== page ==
Zoe Saldana Gets Passionate About Representation in Maya and the Three Interview

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Zoe Saldana plays Maya in a new Limited Series coming to Netflix called Maya and the Three. We sat down to talk about how representation matters and how much she loved playing this role and working with Jorge Gutieìrrez (The Book of Life) again.

What similarities do you have to your character, and what would you like your audience goers to take away? 

Zoe Saldana: I do remember what it was like to know who I was and know what I wanted to do. And I remember my mom, my dad, and my grandma always wanting me to be what they thought that I should do. It’s such a universal thing, and me being really radical and very rebellious about that. I remember being 15 and thinking that, ‘oh, my God, it’s the end of the world.’ It was just refreshing to sort of get to revisit those emotions. 

I feel like the biggest takeaway are: To have a female heroine at the helm of a beautiful, adventurous, aesthetically amazing epic story, it’s “More, please.” That representation does matter. It is primordial. It is essential to the building of a person’s identity, to the building of someone’s character, not just of one singular person but also of a community and then eventually of a nation. I think that’s so important now. 

What I like about the way that Jorge Gutierrez and Sandra do it is that they come from a place of love and celebration rather than from a place of social justice. So, all of these nuances of Mesoamerican cultures and Caribbean sort of cultural tones are just icing on a cake that is all about family and love and loss and action and friendship and identity, not just of cultural identity but also, gender identity. But it’s done in a very subtle but also very mature way, and his main audience is young people. 

What drew you to this role and why did you want to be a part of the series?

Zoe Saldana:  Jorge Gutierrez. When I worked with him on Book of Life, I had such a wonderful experience. I was in awe of him. I was starving for creatives like him where we share our Latinx heritage. I like the fact that his animation is very authentic, very original. It’s unlike anything you’ve seen before. Everything about it is wonderful. He did, on the red carpet of Book of Life, ask me that, if he invited me to another adventure, would I join him, and I said ‘absolutely yes.’ I didn’t think he was going to keep his promise, and he did. And so, of course I kept mine and I willingly, with my open heart, did it, and I was really honored and excited. 

It is exhausting because you can’t, no matter how much you try and match Jorge’s energy when you’re in a session with him, because he gives 110% on everything. He’s all in at all times, by the time you finish your session, you’re exhausted. 

You’ll get to see it because Maya is loud and she’s proud and she’s feisty and she’s in your face. And she makes these mistakes out loud. And I feel like everything about Maya is undeniably female and all woman. And I really feel that Jorge captured what a woman is, in a girl’s form because he really wanted to celebrate the women in his life that mean so much to him, that raised him every day. And so, obviously I wanted to make him proud.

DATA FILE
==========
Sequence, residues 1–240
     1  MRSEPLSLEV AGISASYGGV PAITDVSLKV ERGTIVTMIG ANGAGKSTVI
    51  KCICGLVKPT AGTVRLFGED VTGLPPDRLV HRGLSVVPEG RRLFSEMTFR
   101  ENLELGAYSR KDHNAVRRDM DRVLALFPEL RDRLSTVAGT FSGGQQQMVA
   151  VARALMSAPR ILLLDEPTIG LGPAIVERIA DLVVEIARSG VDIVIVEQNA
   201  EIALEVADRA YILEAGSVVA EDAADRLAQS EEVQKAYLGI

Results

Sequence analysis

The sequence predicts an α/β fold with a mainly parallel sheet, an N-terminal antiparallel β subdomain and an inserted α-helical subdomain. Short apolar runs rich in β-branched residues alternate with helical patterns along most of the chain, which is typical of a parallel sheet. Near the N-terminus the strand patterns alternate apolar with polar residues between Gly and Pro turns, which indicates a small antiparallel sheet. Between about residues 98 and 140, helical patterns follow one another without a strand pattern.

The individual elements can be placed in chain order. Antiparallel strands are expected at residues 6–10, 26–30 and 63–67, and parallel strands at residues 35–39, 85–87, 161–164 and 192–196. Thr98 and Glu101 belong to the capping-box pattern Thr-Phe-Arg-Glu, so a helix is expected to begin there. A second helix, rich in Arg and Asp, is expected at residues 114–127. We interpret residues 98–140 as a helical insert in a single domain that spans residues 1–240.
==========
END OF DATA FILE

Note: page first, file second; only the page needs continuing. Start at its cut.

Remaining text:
Do you actively seek roles that inspire girls and women?

Zoe Saldana:  You know, I didn’t before. Before I became a mom, I looked for roles that, ever since I was a child, I was just curious and really passionate about. Like, my idols were Whoopi Goldberg, Sigourney Weaver, and Linda Hamilton, and I would watch their movies over and over again. I did not want to be the princess. I wanted to be the queen. I wanted to be the warrior, but I want to do it in space and I wanted to fight aliens. Becoming an actor, I was always leading with my heart. I was raised to just lead life with my heart. 

So, when films like Star Trek and filmmakers like J.J. Abrams and James Cameron for Avatar approach me and they invite me to be a part of their world, like, their world is the funnest world in the world. I worked with Steven Spielberg, with all these people that gave themselves the permission to imagine the unimaginable. And here they were, looking at this little girl from Queens, and I fit in that world for them. 

That is what gave me that affirmation that who I am and what I like in life means something. And it means–and in others–people of my likeness will see it. I guess now that I’m a mother, my goal is to continue doing that, but to add representation to that, because I also know what it was like to be invisible, not just by gender but also culturally invisible in a land where my Pledge of Allegiance was inclusive, but I’ve felt excluded many, many times.